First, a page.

Flickering security ties
The United States has never offered a security guarantee to another country outside NATO’s 30 members beside South Korea and Japan—not even to Israel, its closest Middle East ally. Now it is reported the kingdom is asking for a formal mutual defense treaty which would require Senate ratification, a questionable undertaking.
The Saudis have long coveted a US security umbrella but wanted it “over the horizon,” meaning not visible but also on call to defend the ruling Saudi family from outside aggression.
For decades, the Saudis have fended off US efforts to establish a military base or permanent military presence in the kingdom, fearing a backlash from the powerful ultra-conservative Wahhabi religious establishment. The Saudis have long coveted a US security umbrella but wanted it “over the horizon,” meaning not visible but also on call to defend the ruling Saudi family from outside aggression.
The 1990-91 Gulf War demonstrated the lengths to which the Saudis were willing to go to avoid any formal defense agreement with the United States. When the Bush administration dispatched 500,000 American troops to defend the kingdom and oust Iraqi troops from neighboring Kuwait, there was no formal agreement other than a one paragraph letter of just three sentences committing Washington to withdraw them whenever the Saudi government asked (Ottaway, 2008).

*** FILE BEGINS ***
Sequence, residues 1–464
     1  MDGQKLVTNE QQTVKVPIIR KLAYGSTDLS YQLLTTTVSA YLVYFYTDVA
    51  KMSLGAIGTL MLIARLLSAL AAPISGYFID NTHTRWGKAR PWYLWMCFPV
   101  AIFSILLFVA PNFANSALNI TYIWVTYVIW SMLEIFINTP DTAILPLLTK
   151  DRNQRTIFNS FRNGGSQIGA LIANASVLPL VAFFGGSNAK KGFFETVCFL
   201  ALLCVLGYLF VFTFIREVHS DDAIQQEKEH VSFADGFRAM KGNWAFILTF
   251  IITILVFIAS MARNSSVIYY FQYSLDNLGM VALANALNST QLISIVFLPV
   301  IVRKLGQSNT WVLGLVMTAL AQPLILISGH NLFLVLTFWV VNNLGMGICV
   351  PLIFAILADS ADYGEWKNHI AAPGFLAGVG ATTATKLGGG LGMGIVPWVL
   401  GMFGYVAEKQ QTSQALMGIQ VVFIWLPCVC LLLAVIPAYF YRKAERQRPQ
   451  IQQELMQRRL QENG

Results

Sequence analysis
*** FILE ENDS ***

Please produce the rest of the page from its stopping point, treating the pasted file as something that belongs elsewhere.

That happened after the US invasion of Iraq in 2003 when the Saudis kicked the last American troops out. They also closed down a highly sophisticated military facility the Pentagon had built at Prince Sultan Air Base at al-Kharj, 50 miles southeast of Riyadh. It had been built to house a regional US base of operations. Instead, next door Qatar became host to US Central Command regional headquarters.
The previous Saudi distaste for any close formal military connection to the United States was also reflected in its total disinterest in becoming a “major non-NATO ally,” which three of its own Arab Gulf allies—Kuwait, Bahrain and Qatar—are so designated in addition to Egypt, Morocco, and Israel. The designation, according to the State Department, offers “military and economic privileges” but “no security commitment” by the United States.
Nor has Saudi Arabia ever signed a defense cooperation agreement with the United States although all six of its Arab allies in the Gulf Cooperation Council have done so—and its armed forces depend principally on American weaponry. Efforts by past American presidents, including Donald Trump, to create a NATO-like alliance of America’s Middle East partners never found support in Riyadh.